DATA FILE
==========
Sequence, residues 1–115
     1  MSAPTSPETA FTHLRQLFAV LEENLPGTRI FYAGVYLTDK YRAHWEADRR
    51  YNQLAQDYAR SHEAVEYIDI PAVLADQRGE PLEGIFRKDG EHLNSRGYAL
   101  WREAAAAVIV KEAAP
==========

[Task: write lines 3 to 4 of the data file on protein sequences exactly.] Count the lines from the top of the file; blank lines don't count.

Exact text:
    51  YNQLAQDYAR SHEAVEYIDI PAVLADQRGE PLEGIFRKDG EHLNSRGYAL
   101  WREAAAAVIV KEAAP